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Devotees from Malaysia and Singapore fulfil vows to deity for transsexuals

By WANI MUTHIAH

KLANG: The five-day celebrations dedicated to Goddess Bahuchara Mataji, the Hindu presiding deity for transsexuals, ended yesterday in a ceremony that saw some 400 participants from Malaysia and Singapore at a temple in Pandamaran near here. 

The temple, dedicated to the deity whose main temple is in Shankhalpoor in Gujarat, India, is owned and managed by the local Hindu transgender community. 

The celebrations began last Thursday with the highlight on the third day when devotees fulfilled vows by carrying pal kudam (milk pots) and thee chatti (earthen pots with fire). 

Dressed in green sarees, the official colour for Bahuchara Mataji, the entourage, led by the community’s matriarch M. Asha Devi, 63, carried the pal kudam and thee chatti to the temple. 

Two devotees balancing milk pots as they enter the temple at Pandamaran last Saturday.
This was followed by a chariot procession in the evening with Pandamaran assemblyman Datuk Dr The Kim Poo as the event’s special guest. 

Asha Devi said preparations for the celebrations began several months ago, as arrangements had to be made to accommodate the devotees. 

“Devotees also prepare themselves by fasting for at least three months before carrying the pal kudam and thee chatti,” said Asha Devi, who runs a food outlet in Kuala Lumpur. 

According to her, a flag bearing the Goddess’ emblem was raised on the first day followed by an ubayam (special prayers) on the second day. 

“The fourth day was also observed with prayers for Mataji. On the final day, which is today, we have special prayers for a male deity known as Veera Vetai Karar Muniandy followed by anathanam (feeding of the masses),” she added.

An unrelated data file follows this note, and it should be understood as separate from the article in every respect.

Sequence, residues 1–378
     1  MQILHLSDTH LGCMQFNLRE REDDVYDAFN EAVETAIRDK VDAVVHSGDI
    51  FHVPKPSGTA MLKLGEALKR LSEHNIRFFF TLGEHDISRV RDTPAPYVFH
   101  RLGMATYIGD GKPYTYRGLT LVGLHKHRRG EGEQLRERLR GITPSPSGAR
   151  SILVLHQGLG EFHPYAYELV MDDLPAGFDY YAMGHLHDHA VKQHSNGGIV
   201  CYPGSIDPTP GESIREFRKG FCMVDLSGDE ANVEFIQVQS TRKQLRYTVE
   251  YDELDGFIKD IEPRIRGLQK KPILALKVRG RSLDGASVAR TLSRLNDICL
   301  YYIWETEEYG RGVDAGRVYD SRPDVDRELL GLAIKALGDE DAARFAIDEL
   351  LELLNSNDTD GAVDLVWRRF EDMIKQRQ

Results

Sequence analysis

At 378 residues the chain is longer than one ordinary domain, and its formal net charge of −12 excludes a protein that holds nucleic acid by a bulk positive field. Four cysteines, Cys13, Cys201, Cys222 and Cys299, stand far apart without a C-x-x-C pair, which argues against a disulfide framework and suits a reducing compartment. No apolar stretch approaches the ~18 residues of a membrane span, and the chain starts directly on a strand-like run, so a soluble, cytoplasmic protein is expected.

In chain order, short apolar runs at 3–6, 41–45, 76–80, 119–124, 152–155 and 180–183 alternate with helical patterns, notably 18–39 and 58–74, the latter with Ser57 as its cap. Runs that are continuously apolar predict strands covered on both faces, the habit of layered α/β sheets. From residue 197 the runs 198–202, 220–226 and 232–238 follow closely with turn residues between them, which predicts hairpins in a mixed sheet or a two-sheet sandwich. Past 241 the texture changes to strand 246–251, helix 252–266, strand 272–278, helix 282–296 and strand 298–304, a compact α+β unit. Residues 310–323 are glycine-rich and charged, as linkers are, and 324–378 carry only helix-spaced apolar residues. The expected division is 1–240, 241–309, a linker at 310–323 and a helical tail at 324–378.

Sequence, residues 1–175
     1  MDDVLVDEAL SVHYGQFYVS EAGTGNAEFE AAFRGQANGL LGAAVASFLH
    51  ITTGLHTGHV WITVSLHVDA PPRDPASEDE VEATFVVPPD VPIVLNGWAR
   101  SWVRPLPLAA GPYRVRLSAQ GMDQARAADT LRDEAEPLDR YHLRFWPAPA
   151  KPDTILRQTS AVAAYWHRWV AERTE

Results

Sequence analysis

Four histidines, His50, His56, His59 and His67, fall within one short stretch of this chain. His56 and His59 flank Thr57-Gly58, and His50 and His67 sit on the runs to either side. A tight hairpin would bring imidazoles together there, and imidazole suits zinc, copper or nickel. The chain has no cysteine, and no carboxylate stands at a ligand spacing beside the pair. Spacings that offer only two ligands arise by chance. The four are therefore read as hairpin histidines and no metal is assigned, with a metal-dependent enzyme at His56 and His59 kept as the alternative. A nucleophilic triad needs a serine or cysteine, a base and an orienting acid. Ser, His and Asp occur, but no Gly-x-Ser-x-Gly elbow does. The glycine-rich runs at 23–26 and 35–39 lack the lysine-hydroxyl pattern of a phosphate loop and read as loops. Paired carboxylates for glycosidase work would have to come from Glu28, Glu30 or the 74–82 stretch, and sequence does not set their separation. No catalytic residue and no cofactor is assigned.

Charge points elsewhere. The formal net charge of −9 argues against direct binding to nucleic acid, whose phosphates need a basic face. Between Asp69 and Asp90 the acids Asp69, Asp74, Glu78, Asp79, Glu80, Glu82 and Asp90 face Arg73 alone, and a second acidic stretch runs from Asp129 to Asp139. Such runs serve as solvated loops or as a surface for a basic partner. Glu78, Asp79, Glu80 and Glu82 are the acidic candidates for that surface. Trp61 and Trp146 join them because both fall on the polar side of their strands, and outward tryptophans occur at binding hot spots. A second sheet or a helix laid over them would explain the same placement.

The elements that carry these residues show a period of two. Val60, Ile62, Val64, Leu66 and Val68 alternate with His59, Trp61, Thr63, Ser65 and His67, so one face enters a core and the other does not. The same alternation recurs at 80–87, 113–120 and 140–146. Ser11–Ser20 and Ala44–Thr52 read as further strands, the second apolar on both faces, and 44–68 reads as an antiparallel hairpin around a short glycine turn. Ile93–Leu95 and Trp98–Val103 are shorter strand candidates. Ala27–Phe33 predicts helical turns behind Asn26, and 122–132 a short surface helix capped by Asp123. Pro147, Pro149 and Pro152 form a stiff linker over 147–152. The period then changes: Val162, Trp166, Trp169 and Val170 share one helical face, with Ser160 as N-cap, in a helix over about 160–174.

Meanwhile, S. Komathi, 50, who cooked for the devotees, said this year’s event was special as they were praying hard to obtain a piece of land from the state government to build a proper temple. 

“The temple is currently situated in the home of one of our members’ grandmothers. Due to space constraints we cannot do any renovation,” said Komathi who owns a flower shop in Klang. 

Komathi said the community badly needed a bigger temple to accommodate the crowd. 

“In the past, it was only our community which prayed here but now others are also coming to the temple.” 

For K. Janani, 27, who came all the way from Singapore to carry the pal kudam, the event was both fun and colourful. 

“I like the festive atmosphere. I have been coming here for the past two years to offer prayers as our community does not have a dedicated temple in Singapore,” Janani added.

 
 
Mood: happyhappy
 
 
26 February 2007 @ 07:19 pm

I've decided to discontinue using this journal. I separated  things in several journals a couple of years ago, and it just hasn't worked.

I'll be adding any friends and communities from this journal to
laura_seabrook.


Tags:
 
 
Mood: depresseddepressed
 
 
23 December 2006 @ 09:54 pm

It's the day after the 2006 Summer Solstice here in Barnsley, and these are my thoughts.

I write this as I'm still sick with the flu. All I need is a few days rest and I should be fine, but for the last five days I've been out and about for one thing of another. I don't normally buy Xmas gifts, though this year I got one for myself, from money my mother sent me. I'm 49 this year, and my mum still send me money for Xmas - it's an odd thing to think about. Nonetheless it's something to appreciate, and after my father dying earlier this year I appreciate that she's still there.

Anyway, I ended up buying a 1/2 priced "super joystick" for playing with certain arcade games that I recently re-discovered. I used to have a passion for these when I was young, and would spend up to $40 a fortnight in 20c on the things, mostly at a place called Strombeckers on Barrack St in Perth. Strombeckers is gone now, torn down and replaced with part of a hotel - at least it way when I was in Perth for my father's funeral. Just right now I seem to be re-discovering these simple joys. And why not?